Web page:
Notification

Frequently asked questions about Notification

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Do I need to notify my water supplier of planned plumbing work?

Anyone who is planning most types of plumbing work must inform their local water supplier, and gain approval, before they start. The need to notify water suppliers of plumbing work extends to homeowners, landlords, tenants, developers, building managers and plumbers.

Not everyone is aware of the regulations, however, they are in place to ensure the plumbing meets the Water Fittings Regulations and Byelaws which are designed to keep drinking water supplies safe and healthy.

The regulations apply to many types of domestic and commercial plumbing – from building new houses or extending business premises to everyday work such as installing certain types of bidets or large baths.

Types of plumbing work that must be notified to water suppliers include:

  • Building a house or other property/structure
  • Extending or altering the water system on a non-household building
  • Changing the use of a building or installing water systems, such as rainwater harvesting
  • Installing a swimming pool or pond over 10,000 litres
  • A garden watering system (unless operated by hand)
  • A bath which holds more than 230 litres of water
  • A bidet with an upward spray or flexible hose
  • A pump or booster that delivers more than 12 litres of water per minute
  • A reverse osmosis unit (for cleaning water)
  • A water treatment unit which produces waste water
  • A reduced pressure zone (RPZ) valve assembly or similar
  • Any water system outside a building that is either less than 750mm (0.75 metres) or more than 1350mm (1.35 metres) below ground.

In Northern Ireland and Scotland, notification is also required for:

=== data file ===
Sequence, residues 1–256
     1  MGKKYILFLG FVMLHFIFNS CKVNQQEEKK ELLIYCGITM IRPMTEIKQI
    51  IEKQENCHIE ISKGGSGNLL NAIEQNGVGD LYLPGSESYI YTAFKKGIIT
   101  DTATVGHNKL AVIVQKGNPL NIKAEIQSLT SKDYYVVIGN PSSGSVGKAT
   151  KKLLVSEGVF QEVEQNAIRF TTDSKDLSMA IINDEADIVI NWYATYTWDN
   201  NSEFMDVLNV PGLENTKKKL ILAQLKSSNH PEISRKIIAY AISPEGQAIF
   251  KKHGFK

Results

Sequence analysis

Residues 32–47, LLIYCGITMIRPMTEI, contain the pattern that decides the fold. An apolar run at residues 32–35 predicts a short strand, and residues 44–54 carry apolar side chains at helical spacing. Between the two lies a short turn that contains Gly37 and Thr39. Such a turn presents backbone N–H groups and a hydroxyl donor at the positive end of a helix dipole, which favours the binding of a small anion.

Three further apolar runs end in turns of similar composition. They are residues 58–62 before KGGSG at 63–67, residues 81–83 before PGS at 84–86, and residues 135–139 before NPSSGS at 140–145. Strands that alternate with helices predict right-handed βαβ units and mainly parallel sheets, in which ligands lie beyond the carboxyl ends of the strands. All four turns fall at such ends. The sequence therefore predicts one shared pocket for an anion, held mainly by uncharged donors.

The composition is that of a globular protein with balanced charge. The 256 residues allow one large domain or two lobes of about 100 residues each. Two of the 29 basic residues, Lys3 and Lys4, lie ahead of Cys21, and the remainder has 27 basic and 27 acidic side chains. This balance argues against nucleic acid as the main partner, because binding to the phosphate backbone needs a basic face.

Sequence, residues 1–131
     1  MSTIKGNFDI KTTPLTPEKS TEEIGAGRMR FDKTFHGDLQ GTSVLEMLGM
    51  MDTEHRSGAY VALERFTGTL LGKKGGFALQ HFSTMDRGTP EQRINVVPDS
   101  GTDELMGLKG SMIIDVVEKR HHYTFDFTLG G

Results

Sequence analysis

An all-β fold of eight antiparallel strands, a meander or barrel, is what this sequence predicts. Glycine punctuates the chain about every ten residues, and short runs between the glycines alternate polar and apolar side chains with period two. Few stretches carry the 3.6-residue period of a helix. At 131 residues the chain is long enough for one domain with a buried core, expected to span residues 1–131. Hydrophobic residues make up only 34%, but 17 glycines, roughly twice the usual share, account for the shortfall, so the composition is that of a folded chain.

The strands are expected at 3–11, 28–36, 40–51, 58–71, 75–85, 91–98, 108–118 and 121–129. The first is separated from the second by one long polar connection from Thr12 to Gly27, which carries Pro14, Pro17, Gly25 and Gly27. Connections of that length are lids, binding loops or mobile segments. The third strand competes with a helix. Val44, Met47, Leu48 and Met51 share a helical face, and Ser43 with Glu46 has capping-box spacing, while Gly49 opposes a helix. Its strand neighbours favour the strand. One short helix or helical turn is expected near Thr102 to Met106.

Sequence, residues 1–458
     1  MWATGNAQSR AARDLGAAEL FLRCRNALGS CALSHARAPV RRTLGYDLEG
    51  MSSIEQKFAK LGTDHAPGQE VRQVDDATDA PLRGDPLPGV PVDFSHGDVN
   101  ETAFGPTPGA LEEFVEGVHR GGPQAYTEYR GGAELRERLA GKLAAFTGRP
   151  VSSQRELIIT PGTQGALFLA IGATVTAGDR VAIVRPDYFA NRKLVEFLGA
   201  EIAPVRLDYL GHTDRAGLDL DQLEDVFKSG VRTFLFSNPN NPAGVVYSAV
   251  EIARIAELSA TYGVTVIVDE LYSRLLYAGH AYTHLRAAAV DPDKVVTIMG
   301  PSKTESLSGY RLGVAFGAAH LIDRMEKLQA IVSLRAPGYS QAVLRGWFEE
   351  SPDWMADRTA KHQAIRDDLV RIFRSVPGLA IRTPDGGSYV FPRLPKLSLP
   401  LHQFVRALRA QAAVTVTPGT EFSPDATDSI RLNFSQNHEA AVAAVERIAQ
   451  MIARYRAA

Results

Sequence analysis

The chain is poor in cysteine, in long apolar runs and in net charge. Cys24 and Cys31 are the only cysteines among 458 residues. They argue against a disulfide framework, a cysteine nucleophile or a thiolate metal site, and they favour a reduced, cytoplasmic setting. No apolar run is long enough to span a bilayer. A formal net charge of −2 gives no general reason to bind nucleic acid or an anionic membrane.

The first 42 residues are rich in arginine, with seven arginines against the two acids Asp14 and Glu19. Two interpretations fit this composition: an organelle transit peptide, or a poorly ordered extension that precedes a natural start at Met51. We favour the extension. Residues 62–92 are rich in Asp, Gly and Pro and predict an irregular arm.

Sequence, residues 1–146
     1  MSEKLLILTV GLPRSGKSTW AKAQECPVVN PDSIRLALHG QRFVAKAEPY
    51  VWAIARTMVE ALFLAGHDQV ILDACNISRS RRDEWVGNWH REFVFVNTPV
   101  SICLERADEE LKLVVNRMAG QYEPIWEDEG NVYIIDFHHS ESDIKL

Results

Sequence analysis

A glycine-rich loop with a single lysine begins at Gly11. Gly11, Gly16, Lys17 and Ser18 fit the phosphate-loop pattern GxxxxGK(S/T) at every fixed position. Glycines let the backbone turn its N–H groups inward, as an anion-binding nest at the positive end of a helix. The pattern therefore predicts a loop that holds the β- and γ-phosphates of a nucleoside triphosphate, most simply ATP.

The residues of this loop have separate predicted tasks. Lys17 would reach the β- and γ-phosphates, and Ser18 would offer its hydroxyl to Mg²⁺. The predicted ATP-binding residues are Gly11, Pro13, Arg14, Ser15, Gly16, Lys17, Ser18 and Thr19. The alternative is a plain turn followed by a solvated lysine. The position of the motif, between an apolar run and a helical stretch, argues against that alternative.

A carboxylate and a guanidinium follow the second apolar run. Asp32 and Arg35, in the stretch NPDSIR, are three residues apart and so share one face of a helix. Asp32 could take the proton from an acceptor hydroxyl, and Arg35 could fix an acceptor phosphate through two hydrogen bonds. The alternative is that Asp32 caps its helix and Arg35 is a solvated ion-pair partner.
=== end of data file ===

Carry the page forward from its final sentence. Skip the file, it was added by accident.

• Grey water, recycled water, reclaimed water and rainwater harvesting
  • Water systems for firefighting, including domestic sprinklers
  • A flexible shower hose or other flexible outlet for use with a WC
  • A ‘shower toilet’ or ‘bidet-toilet’ either as part of the WC itself or where as an addition or adaptation of it, a stream of water is provided from below the spillover level of the WC pan for personal cleansing.

In Scotland, there is an additional requirement for notification of any system incorporating a private water supply.

How do I notify my water supplier of planned work?

In many cases, the water supplier will simply need a description, diagram and plan of the work, the contact details of who is authorising it and the plumber’s name and address if an approved plumber is being used. More details can be found on the WRAS website.

If you use a WaterSafe approved plumber, they are able to carry out some types of work without notification. This is because they have specific training in the strict regulations required to install pipes and fittings to supply drinking water.

Getting permission is quick and free, but failure to notify your water supplier could result in extra costs to put poor plumbing right or, worse, contamination of water supplies and a court prosecution.

Download our leaflet about notifying plumbing work.

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